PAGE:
A Franny fan made Franny dolls:)

Honored to be included in this New York Times article!



Franny’s Father Is a Feminist

Rhonda Leet, illus. by Megan Walker. Pow , $17.99 (32p) ISBN 978-1-57687-873-6

Franny is a girl with pink hair, wide eyes, and a pink kitty shirt. With his muscular build and thick, red beard, Franny’s father is a Paul Bunyan look-alike, but he’s also a feminist. What does that mean? “He knows that girls can do anything boys can do, and raises Franny to believe she deserves all the same rights, freedoms, and opportunities that he has. It’s simple, really.” Franny’s dad stays at home while her mom goes to work, he attends her hockey games and ballet recitals, and he’s not afraid to cry. Leet’s timely outing can be a touch on-the-nose—at a protest, a curmudgeonly man holds up a sign saying “No kittens!”—but it forthrightly upends stereotypes about what it means to be a feminist. Ages 3–7. (Mar.)

Reviewed on: 03/05/2018
Release date: 03/06/2018

                             FRANNY'S FATHER IS A FEMINIST by Rhonda Leet  Franny receives Kirkus star!



by Rhonda Leet ; illustrated by Megan Walker
Age Range: 4 – 7

Little readers learn what it means to be a feminist.

As the title says, Franny’s father is a feminist. Feminists, small print explains, believe “that girls can do everything boys can do, and…[that girls deserve] all the same rights, freedoms, and opportunities that” boys have. The story goes on to explore what it means to raise a child with an equal-opportunity philosophy, highlighting Franny’s father’s childhood as a budding feminist and showing several real-world examples of how feminism influences Franny’s development. Franny and her father are white, but Franny’s friend Sasha is black, as is her father (who also happens to be a feminist). The illustrations boast cartoon characters with pop eyes. The color palette mixes pinks, baby blues, and greens to excellent effect, mirroring the muddying of traditional gender roles—Franny’s father is the primary caregiver, while Franny’s mom “has an important job” outside the home. The book’s tone is informative rather than preachy, presenting feminism not as the only way to be but rather a sensible caregiving choice. Some caregivers may be able to use this title to sort out their own feelings on the subject.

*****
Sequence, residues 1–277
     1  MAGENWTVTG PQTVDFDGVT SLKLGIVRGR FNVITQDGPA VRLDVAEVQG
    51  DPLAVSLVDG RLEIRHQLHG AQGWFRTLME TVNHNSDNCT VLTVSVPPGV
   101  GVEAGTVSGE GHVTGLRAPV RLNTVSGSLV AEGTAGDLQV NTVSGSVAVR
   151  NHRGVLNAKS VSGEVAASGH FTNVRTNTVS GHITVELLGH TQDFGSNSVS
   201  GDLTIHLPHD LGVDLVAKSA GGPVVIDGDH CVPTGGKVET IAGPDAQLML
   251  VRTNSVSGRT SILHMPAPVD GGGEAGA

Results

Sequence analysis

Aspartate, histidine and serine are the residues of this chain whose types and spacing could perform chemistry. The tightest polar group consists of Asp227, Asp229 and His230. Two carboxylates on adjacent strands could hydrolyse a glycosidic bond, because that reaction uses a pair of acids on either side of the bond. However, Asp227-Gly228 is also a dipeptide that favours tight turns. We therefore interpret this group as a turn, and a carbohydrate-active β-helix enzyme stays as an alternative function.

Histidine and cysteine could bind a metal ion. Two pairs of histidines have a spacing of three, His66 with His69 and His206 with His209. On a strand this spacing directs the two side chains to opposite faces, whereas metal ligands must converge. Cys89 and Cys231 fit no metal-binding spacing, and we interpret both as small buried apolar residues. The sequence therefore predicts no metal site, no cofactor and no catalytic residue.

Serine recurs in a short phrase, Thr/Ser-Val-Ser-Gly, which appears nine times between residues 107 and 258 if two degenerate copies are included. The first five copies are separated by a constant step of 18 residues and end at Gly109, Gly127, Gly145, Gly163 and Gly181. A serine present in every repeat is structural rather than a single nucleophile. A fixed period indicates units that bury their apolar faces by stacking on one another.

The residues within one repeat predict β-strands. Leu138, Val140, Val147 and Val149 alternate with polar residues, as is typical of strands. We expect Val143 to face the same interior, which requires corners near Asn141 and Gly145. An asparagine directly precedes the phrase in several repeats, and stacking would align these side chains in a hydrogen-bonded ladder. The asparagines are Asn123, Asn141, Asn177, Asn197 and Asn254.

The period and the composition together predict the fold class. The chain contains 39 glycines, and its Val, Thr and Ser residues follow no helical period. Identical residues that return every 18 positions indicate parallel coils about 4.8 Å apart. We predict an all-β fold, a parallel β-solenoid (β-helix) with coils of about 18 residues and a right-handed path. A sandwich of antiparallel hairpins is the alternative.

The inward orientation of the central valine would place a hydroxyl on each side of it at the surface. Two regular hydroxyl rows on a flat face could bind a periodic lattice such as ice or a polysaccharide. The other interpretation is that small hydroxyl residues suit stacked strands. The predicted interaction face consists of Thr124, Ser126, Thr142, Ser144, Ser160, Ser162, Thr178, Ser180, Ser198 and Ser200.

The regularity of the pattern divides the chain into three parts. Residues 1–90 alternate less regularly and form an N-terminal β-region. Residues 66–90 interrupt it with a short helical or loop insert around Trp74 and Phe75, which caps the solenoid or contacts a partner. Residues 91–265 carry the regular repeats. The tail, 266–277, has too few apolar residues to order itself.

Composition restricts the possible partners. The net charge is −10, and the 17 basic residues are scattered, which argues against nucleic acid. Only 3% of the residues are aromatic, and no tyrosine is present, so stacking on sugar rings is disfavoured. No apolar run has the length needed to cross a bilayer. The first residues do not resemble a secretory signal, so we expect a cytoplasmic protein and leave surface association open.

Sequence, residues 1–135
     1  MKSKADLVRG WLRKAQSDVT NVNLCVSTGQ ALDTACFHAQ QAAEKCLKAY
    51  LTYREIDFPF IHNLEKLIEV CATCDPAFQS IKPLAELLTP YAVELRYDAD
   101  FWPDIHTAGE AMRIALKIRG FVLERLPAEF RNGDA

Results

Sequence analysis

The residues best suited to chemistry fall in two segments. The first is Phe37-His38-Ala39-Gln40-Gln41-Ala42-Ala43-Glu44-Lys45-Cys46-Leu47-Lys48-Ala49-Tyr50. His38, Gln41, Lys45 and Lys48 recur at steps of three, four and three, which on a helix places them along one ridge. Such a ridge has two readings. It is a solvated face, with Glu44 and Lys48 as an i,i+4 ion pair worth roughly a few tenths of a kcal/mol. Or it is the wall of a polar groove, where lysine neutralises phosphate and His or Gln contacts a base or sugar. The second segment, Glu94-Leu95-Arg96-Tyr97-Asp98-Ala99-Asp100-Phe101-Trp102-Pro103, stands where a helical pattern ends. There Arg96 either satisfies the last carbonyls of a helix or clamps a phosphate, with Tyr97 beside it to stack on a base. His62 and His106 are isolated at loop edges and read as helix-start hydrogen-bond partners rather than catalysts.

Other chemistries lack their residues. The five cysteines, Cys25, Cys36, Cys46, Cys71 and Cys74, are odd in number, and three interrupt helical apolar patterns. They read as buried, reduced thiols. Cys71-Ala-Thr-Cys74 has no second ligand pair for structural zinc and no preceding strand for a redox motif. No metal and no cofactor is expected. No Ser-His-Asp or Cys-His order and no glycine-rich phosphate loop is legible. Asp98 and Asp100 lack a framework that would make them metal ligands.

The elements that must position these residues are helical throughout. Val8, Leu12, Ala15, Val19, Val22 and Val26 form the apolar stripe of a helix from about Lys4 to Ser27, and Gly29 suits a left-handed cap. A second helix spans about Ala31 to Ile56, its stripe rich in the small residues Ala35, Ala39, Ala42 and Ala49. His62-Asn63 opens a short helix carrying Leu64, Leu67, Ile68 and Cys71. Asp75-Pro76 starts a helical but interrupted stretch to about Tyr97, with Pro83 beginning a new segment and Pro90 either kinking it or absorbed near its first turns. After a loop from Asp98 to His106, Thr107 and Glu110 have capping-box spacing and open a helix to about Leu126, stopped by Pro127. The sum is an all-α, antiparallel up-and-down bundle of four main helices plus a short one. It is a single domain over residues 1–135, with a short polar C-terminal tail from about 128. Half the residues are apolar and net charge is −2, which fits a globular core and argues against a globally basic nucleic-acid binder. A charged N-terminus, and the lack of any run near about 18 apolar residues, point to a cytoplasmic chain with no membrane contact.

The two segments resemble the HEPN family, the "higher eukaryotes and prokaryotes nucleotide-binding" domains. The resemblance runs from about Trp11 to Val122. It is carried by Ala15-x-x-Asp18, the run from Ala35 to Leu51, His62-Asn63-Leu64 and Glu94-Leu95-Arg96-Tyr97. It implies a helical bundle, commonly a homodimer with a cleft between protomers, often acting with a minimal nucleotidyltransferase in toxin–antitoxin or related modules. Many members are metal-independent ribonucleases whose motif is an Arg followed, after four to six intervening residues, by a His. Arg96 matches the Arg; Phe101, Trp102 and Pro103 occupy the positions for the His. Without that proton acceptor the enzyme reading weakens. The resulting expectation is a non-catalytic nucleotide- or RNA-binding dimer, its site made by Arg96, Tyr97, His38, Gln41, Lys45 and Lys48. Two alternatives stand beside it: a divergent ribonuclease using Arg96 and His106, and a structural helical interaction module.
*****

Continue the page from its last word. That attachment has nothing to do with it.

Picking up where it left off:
An excellent primer on what feminism and allyship entail. (Picture book. 4-7)

“I’m super excited to go see and support Rhonda Leet at her book signing at Barnes and Noble. During my kindergarten student teaching placement, Rhonda showed me what it meant to teach from the heart and helped mold me into the teacher I am today. I’m so incredibly proud of her strength to speak up for what’s right and how she always follows her dreams. Thank you for all you do and for the positive impact you’ve made on others!”  Heather H. 2/2/18

a barnes sign & me


I am thrilled to announce the arrival of my picture book, Franny’s Father is a Feminist (Pow!KidsBooks)  March 6, 2018!


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